Africa is expected to witness an economic growth rebound of 3 percent in 2021 against -3.4 percent in the worst-case scenario for 2020 if the Covid-19 crisis is not contained, the African Development Bank (AfDB) said in a supplement to its “African Economic Outlook 2020 report.”According to the supplement, nearly 49 million Africans could be plunged into extreme poverty as a result of the pandemic, particularly in West and Central Africa, where the virus continues to spread.
The forecast in the African Economic Outlook 2020 report, released on January 30, noted that Africa’s growth was previously projected at 3.9 percent in 2020 and 4.1 percent in 2021.
The supplement warned that growth prospects for 2021 and beyond would depend largely on the effectiveness of African governments in flattening the epidemic’s curve and policies to resume economic activities.
Against this backdrop, governments and development partners need to respond in a more coordinated, focused and timely manner to effectively mitigate the impact of the Covid-19 crisis, the AfDB suggested.
“To resume economic activities, policy-makers should adopt a gradual and incremental approach that carefully assesses the trade-offs between restarting economic activity too quickly and preserving the health of populations,” said Charles Leyeka Lufumpa, the Bank’s Acting Chief Economist and Vice President for Economic Governance and Knowledge Management.
Economic activities can gradually restart based on the transmission risks of different sectors, the report said, adding that clinically, only 21 of 54 African countries have the capacity to cope with epidemics.
The supplement showed that the pandemic’s curve in Africa is gradually flattening.
However, given the inadequacies of health systems and social protection, the virus remains a threat to human lives.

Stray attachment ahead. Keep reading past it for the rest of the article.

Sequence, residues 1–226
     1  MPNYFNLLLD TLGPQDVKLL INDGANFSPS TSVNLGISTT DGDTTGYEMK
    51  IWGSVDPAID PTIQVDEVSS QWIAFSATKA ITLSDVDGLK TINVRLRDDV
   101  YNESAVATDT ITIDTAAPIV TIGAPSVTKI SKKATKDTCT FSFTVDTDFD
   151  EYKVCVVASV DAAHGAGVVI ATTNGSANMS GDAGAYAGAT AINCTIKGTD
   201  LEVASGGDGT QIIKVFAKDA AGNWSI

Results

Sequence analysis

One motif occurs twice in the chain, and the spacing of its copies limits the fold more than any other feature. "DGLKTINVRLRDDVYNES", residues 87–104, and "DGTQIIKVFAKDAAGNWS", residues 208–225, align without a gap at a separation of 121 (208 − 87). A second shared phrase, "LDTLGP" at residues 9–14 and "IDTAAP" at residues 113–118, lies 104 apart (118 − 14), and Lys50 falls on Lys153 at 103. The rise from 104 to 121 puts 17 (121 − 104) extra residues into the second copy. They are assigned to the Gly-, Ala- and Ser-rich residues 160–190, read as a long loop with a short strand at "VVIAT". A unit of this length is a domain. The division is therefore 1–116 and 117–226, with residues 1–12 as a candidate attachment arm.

According to the Bank’s report, Africa could lose between US$145.5 billion and US$189.7 billion in growth in 2020.
The AfDB Director of Macroeconomic Policy, Forecasting and Research Department, Hanan Morsy said the supplement showed that for the first time in half a century, Africa would face an economic recession due to the fallout from the Covid-19 pandemic.
This would affect progress on poverty reduction as an estimated 49 million Africans could be pushed into poverty, with an estimated 30 million jobs on the brink of disappearing.
It also suggested new labour market regulatory policies to protect workers and jobs, as well as structural policies to enable African economies to rebuild and improve their resilience to future shocks.
Tourism, transport and leisure will certainly be the sectors that will take the longest to recover.
Between 2017 and 2018, Africa’s tourism and travel sector grew by 5.6 percent (international average of 3.9 percent), the report revealed.
According to Morsy, the supplement predicted that in a worst-case scenario, 49 million more Africans could be pushed into extreme poverty by the consequences of the pandemic.
The number of people living in extreme poverty in Africa (using the international poverty line of $1.90) could rise to 453.4 million in 2020 as a result of the pandemic, against 425.2 million in a non-pandemic scenario.
According to AfDB, people in West and Central Africa are at a higher risk of falling into extreme poverty as a result of the pandemic, but Covid-19 could also exacerbate poverty in Eastern and Southern Africa.
Confirmed cases of Covid-19 in 54 African countries amounted to 304,642 and 8,087 reported deaths as of June 22, 2020.
But according to the supplement, in reality the reported figures were probably higher thanks to limited testing capacity in most countries.